Tuesday, 26 July 2011

Hill no 45 – 69 Bealach-na-ba

This was "it". THE climb. Just driving there was enough to send shivers down your spine - it was incredible scenery

Rating a massive 11/10 on the Warren scale, Bealach-na-ba is described as the "Holy Grail" for road cyclists - the hardest climb you are going to get in the UK. I was fully expecting it to be tough - a steep, long hill - 40 minutes+ of climbing up a big hill in the middle of nowhere in the North West of Scotland.

And it was blowing a holy gale when we got there! The wind was really, really tough - when I got out of the car (after an amazing, but slightly torturous drive!), it almost whipped my bike away from under me as I held it! I had to put it together and try and stop my bottles from blowing away and disappearing - well into miles of unoccupied Scottish space.

The climb itself starts just off an A road, but you can see how exposed it is straight away - the wind was whipping across me from left to right as I looked at the hill and it certainly looked as though mostly it was going to be against me - as if the slope wasn't hard enough on its own!

The road starts off fairly steadily with big looping turns going up the hillside - this is the bit that seems to go on forever as you just keep plugging your way up the hill - just turning the pedals and marvelling at the incredible scenery. There were a number of motorbikes going up there and even some tourists in cars who had chosen to drive up this isolated, windy, hellish road. I however was going up it on a bike and going increasingly slowly.

After what seemed like an age, I eventually started going up the "main event" which was the incredible road going up to the main pass. The wind was whipping down the hill still - but rather than being just constant in your face, it was properly blustery - you'd be ok for a moment - and then you'd suddenly be knocked back in your tracks.

My worst moment in all these rides was due to my desire to keep recording my rides for posterity. I knew my helmet camera was going to run out half way up the ride, so I had cunningly stashed some glasses which also had a camera in them in my back pocket. At the appropriate time, I took off my sunglasses, stuck them in my other back pocket, grabbed the other glasses with the camera in, turned it on, hit a gust of wind, went sideways, virtually stopped, almost fell off, nearly went off the side of the road and just managed to save it.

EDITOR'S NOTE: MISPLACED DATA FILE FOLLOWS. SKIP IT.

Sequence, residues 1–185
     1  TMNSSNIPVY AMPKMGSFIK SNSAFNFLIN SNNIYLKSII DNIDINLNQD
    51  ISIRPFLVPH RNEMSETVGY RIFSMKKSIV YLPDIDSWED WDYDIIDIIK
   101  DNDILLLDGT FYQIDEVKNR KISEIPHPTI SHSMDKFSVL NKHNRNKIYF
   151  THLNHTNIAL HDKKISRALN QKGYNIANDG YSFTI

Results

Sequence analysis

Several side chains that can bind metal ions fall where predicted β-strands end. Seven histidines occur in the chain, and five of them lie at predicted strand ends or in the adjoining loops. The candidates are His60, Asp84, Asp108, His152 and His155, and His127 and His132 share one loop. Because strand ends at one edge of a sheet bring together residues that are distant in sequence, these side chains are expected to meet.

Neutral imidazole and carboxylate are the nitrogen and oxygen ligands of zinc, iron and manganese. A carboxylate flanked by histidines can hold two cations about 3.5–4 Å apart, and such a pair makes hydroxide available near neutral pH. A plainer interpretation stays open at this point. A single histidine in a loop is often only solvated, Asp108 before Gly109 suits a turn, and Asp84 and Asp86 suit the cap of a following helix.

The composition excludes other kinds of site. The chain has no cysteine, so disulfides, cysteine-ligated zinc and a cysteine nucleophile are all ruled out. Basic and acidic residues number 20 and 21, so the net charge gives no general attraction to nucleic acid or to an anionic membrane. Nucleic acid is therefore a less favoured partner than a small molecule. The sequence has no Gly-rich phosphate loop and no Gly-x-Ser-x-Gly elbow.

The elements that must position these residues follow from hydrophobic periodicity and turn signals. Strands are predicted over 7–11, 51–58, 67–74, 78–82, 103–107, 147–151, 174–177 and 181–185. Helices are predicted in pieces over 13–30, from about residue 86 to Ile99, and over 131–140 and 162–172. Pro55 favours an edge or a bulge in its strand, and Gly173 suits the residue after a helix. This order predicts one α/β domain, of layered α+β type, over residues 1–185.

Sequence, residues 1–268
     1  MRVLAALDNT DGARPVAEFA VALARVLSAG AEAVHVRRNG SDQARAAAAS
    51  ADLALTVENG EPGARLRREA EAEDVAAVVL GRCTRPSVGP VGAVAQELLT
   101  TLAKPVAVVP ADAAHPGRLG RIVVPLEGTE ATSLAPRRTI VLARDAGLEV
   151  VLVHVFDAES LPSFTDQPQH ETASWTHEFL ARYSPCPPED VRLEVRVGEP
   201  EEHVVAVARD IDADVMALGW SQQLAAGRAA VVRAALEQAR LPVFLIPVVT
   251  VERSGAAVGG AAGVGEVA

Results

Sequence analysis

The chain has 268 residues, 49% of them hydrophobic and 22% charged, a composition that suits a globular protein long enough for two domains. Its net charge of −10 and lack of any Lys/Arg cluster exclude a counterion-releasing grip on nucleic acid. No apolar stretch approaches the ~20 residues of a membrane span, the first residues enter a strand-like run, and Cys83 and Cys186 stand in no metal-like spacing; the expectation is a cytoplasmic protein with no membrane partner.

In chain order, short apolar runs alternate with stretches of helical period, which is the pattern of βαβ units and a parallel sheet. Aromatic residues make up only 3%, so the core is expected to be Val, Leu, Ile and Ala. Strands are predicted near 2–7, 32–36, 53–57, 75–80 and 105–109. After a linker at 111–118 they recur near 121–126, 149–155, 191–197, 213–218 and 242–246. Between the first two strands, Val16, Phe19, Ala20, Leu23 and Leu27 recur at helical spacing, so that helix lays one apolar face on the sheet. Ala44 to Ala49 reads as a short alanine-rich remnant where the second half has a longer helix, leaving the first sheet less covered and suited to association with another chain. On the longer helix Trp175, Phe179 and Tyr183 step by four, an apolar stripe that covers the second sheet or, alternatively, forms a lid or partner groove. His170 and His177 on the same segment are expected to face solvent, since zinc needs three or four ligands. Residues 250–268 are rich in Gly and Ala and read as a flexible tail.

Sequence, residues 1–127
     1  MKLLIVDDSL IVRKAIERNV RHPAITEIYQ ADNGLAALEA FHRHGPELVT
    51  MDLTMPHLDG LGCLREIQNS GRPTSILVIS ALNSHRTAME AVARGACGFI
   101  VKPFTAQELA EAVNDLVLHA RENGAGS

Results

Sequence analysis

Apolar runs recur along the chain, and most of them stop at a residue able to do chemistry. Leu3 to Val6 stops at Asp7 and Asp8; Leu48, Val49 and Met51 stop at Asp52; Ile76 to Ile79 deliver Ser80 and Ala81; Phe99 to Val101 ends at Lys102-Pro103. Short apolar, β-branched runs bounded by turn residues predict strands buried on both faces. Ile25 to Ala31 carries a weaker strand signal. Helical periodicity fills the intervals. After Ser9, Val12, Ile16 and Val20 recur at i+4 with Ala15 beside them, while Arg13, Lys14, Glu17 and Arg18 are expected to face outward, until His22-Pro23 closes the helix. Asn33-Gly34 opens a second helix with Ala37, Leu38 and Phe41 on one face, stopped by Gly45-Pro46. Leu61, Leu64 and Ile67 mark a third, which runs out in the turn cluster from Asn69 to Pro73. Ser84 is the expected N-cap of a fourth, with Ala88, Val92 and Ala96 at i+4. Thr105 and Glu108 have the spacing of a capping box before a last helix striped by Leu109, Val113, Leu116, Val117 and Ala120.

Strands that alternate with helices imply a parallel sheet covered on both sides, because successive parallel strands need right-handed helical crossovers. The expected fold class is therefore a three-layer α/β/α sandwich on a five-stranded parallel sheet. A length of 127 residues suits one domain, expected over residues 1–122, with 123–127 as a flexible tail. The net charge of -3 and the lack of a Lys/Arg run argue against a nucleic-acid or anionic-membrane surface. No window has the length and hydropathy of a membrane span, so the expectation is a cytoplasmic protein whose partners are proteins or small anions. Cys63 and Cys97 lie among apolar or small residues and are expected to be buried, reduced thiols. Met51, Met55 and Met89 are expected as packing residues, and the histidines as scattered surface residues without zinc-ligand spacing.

Having managed to put on my reserve camera, I then proceeded to video the road, about 1m in front of my front wheel, so sorry about that.

It was, apart from the physical challenge though, it was an absolutely incredible ride. I don't think I have ridden anywhere that feels just as remote and is as bleakly beautiful as Bealach-na-Ba. It really was incredible, I hope the photos give you some idea of it.

Right at the top there are a series of switchbacks and you get a great look down the valley. I wouldn't say that individually any part of the hill is so steep that it is something I haven't come across before, but cumulatively the sum of its parts, the weather, the distance, the slope, the isolation makes it the hardest challenge I've ridden so far.

I have read about people that have said "ah, it ain't that bad", well I'm guessing they got it on a nice clear day without any wind! I thought it was v tough indeed.

The top gave amazing views and the ride down to Applecross was so hair raising with the cross winds that I literally tip toed it down. Scary, exhilarating and knackering. Well worth all the travel to get here!

Garmin Data here: http://connect.garmin.com/activity/90464133
Youtube here: http://www.youtube.com/watch?v=WzBjkHdm-GQ and here: http://www.youtube.com/watch?v=ZF8W5A2hshs
Flickr photos here: http://www.flickr.com/photos/100hillsforgeorge/sets/72157627160607691/

I am gutted about the video on the 2nd link being mostly of the road - my back up measures didn't work that well - but if you skip through it there are some incredible views back down the valley.


  1. AW man. I know what you mean when you say it's the middle of nowhere. But in a sense it really is somewhere and wherever most folk live is nowhere. You could drive past most folks homes and they are pretty flat and featureless. The things that make places memorable, the things that make them move you are generally not in the places we consider "somewhere".

    In a way you've arrived when you are luck enough to cycle the West Coast of Scotland! You are the middle of somewhere stunning, quiet and beautiful.

    Well done.

  2. Hi Dick - sorry, I did not mean to say that it was "nowhere" in a pejorative sense. More accurate to say that it was nowhere near any of the other climbs that I did and that it felt quite wild and remote. Applecross on just the other side was a lovely place and the views were incredible. I would happily ride my bike around that area for days and it is on our list of places to go back and spend much more time at....